The Senate Committee on Health, Education, Labor and Pensions (HELP) recently passed legislation to recognize addiction as a disease and change the names of two national institutes. Senate Bill 1011, the Recognizing Addiction as a Disease Act of 2007, was introduced by Senator Biden (D-DE) with original co-sponsors Senator Kennedy (D-MA) and Senator Enzi (R-WY).
The bill proposes to change the name of the National Institute on Drug Abuse (NIDA) to the National Institute on Diseases of Addiction. The name of the National Institute on Alcohol Abuse and Alcoholism (NIAAA) is proposed to change to the National Institute on Alcohol Disorders and Health. According to the bill, the Congress made the following findings:
- (1) Addiction is a chronic, relapsing brain disease that is characterized by compulsive drug seeking and use, despite harmful consequences. It is considered a brain disease because drugs change the brain’s structure and manner in which it functions. These brain changes can be long lasting, and can lead to the harmful behaviors seen in people who abuse drugs. The disease of addiction affects both brain and behavior, and scientists have identified many of the biological and environmental factors that contribute to the development and progression of the disease.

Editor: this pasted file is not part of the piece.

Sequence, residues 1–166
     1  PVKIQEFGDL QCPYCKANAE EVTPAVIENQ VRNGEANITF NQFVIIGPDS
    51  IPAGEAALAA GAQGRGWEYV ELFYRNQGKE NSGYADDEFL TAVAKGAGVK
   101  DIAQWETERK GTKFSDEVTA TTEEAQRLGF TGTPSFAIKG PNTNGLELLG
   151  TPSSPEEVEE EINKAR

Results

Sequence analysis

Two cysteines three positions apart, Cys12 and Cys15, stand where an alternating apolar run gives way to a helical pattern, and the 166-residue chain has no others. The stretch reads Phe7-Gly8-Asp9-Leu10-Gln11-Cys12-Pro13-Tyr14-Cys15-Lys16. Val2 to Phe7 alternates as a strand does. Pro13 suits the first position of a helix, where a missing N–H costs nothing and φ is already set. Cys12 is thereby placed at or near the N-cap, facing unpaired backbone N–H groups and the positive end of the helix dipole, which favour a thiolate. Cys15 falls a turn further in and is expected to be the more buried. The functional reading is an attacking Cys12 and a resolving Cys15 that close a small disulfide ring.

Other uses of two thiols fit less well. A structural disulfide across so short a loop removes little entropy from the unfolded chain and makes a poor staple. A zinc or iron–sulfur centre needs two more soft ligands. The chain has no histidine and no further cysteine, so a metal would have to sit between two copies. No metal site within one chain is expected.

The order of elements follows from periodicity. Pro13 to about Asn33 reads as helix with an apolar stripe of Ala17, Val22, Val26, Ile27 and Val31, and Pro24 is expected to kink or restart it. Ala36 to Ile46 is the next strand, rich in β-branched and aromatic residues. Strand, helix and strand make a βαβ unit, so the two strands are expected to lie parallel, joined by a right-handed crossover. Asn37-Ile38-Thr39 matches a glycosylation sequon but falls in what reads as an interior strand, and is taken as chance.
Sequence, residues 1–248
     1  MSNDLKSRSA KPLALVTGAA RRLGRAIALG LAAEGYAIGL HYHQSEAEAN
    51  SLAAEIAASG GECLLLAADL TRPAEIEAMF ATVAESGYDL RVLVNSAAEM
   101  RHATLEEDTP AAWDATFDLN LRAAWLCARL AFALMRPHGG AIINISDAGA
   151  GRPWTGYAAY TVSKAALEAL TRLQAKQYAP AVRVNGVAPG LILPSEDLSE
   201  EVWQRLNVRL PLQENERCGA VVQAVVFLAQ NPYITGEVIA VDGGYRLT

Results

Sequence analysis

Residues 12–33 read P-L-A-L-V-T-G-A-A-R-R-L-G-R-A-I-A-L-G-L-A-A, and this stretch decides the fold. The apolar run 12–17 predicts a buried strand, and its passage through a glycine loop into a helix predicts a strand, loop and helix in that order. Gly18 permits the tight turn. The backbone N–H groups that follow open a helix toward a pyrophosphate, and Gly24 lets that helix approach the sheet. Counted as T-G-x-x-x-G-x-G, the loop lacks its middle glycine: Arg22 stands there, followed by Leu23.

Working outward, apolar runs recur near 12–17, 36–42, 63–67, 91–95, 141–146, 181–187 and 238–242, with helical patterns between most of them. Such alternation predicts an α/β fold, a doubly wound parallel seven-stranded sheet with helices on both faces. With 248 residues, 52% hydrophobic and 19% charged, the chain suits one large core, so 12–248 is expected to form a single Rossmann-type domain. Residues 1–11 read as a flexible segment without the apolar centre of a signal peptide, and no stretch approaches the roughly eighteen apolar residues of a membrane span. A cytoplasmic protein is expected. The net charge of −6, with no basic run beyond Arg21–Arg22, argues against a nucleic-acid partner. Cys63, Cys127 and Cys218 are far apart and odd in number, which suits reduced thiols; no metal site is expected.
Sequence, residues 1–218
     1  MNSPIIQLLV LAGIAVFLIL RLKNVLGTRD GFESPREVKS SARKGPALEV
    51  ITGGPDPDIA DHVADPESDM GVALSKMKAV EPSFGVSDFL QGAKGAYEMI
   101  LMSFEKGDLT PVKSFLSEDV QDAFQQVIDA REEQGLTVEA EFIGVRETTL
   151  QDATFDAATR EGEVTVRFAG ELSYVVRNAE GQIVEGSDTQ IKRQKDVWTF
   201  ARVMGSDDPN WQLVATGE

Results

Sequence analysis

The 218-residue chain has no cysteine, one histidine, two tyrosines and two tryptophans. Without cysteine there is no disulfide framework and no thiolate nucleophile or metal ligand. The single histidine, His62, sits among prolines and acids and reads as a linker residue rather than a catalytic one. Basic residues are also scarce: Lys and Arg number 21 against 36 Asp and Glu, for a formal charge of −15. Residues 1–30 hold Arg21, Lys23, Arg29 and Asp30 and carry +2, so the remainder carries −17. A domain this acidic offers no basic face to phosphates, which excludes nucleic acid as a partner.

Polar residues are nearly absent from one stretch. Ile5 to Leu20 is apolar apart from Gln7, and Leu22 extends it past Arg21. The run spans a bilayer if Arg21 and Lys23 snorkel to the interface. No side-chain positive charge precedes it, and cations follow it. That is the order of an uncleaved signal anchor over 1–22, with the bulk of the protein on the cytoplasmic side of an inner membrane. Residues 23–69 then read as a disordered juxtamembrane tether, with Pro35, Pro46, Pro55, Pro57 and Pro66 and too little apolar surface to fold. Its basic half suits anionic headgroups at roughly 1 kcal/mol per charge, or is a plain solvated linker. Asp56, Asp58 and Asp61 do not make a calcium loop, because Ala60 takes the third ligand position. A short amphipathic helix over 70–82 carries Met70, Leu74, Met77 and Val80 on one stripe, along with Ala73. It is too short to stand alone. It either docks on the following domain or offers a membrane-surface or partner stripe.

- (2) The pejorative term `abuse’ used in connection with diseases of addiction has the adverse effect of increasing social stigma and personal shame, both of which are so often barriers to an individual’s decision to seek treatment.
Congressman Kennedy (D-RI) and Congressman Sullivan (R-OK) introduced a similar bill, H.R. 1348 (NIDA and NIAAA Name Redesignation Act), in the House as well.